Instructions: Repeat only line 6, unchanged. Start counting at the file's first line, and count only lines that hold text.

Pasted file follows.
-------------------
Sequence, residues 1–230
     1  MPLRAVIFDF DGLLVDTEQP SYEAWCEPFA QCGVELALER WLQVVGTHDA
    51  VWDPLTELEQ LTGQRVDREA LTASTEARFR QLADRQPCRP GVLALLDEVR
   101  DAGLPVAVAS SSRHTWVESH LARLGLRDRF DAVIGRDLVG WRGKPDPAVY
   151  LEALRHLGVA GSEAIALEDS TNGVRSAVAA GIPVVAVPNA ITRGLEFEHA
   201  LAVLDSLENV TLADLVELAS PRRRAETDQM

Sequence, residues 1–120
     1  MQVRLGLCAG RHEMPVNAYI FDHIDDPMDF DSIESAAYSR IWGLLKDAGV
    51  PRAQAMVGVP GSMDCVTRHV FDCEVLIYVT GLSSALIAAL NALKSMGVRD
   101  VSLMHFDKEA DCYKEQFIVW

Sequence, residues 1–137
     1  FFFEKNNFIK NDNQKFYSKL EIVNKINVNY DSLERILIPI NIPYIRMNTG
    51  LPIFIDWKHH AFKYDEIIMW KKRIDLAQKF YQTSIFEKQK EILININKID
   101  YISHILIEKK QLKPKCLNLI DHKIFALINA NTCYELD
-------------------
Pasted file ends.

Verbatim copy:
   201  LAVLDSLENV TLADLVELAS PRRRAETDQM